This year’s Tokyo Motor Show will be canceled due to the ongoing pandemic, Japan Automobile Manufacturers Association Chairman Akio Toyoda said Thursday.
It will be difficult to hold the show, staged every two years in the capital, while seeking to ensure the safety of participants during the pandemic, Toyoda, who is also president of Toyota Motor Corp., told reporters at a briefing for the industry group.
"The Tokyo Motor Show is being canceled, not delayed,” Toyoda said. "It’s difficult to hold the event in a way in which many people will be able to experience the appeal of mobility in a safe and secure environment.”
The biennial auto show is a major event attracting people and companies from various automotive and other fields, with the latest event held in 2019 drawing some 1.3 million people.
It will be the first cancellation of the event, which was first held in 1954.
The Shanghai Motor Show is being held this week in China.
Prime Minister Yoshihide Suga is considering whether to declare a state of emergency in Tokyo, Osaka and other areas, and ramp up restrictions to contain a surge in coronavirus cases just three months before the start of the delayed Olympics. Although infection numbers in Japan aren’t as high as other developed economies, the country has struggled to keep cases under control in recent weeks.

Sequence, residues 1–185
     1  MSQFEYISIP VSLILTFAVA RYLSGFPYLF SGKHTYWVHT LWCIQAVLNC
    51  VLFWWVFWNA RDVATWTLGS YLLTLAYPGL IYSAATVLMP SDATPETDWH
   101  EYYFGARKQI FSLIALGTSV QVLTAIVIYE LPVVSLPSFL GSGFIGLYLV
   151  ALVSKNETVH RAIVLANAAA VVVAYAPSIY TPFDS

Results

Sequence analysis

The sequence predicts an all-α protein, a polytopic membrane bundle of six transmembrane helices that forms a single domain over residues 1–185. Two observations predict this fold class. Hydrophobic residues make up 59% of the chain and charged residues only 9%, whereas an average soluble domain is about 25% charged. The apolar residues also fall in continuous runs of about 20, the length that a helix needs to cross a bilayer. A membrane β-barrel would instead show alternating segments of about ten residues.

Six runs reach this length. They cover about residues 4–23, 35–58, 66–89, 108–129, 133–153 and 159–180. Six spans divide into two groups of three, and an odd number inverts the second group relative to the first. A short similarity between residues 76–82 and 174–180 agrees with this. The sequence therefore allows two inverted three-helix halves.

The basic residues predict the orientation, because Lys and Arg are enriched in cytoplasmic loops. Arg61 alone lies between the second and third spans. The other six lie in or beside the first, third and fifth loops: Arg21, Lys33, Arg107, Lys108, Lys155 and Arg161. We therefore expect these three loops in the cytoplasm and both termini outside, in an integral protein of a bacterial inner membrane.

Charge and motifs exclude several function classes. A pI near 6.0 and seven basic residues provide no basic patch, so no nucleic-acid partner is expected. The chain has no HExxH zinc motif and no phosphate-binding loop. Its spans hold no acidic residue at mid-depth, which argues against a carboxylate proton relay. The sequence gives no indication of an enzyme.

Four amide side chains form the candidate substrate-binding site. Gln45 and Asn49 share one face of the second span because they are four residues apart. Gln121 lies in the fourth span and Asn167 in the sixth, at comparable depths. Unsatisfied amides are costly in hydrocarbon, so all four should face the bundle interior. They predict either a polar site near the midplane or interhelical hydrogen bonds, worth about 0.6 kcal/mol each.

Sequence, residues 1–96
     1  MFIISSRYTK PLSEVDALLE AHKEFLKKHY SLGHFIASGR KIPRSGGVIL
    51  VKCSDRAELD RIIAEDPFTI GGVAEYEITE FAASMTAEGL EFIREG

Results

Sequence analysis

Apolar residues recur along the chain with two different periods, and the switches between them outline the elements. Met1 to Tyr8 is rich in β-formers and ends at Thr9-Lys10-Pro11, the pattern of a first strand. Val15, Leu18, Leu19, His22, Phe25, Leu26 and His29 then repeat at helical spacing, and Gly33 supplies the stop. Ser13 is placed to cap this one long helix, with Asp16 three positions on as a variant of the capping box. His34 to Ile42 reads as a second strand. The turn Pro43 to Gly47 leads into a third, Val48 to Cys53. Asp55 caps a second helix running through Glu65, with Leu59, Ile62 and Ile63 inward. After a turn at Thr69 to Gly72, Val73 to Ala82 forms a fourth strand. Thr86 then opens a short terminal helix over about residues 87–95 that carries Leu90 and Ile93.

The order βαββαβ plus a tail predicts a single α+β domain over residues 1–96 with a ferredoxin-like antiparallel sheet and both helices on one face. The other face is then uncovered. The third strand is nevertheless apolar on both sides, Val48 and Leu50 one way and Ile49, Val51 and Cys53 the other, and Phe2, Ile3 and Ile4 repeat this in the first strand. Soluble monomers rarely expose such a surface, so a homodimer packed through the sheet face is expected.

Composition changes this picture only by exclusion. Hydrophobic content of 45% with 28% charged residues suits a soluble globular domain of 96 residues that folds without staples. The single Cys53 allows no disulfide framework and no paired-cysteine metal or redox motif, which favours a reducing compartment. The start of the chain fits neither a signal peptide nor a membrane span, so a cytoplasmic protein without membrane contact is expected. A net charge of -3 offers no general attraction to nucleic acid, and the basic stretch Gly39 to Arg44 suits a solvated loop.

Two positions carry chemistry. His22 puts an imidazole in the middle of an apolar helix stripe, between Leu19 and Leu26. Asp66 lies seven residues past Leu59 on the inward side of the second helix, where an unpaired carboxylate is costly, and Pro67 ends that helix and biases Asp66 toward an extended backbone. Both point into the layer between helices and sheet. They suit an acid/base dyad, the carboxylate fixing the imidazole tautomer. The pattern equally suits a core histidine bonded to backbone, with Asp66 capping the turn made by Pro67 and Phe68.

"The Tokyo Motor show collaborates with a number of industries to envision a new future for mobility,” Toyoda added. "It welcomes 1.3 million people in person. We don’t want to hold the event online, we want to hold it in-person. That’s why we’ve chosen to cancel the show this time.”
Toyoda also said during the online news conference that the auto industry body opposes the government's policy of banning sales of new gasoline-engine vehicles. "We need to first expand other (technological) options to achieve carbon neutrality. We should follow the right order," he said.
Prime Minister Yoshihide Suga has pledged to achieve net-zero carbon emissions by 2050 and unveiled the goal of making all new cars sold in the country electrified by 2035.
Toyoda said he supports Suga's 2050 emissions-cut target, but argued it should be addressed by the efforts of all industries, including the government's measures to increase electricity generated by renewable sources.
In a time of both misinformation and too much information, quality journalism is more crucial than ever.
By subscribing, you can help us get the story right.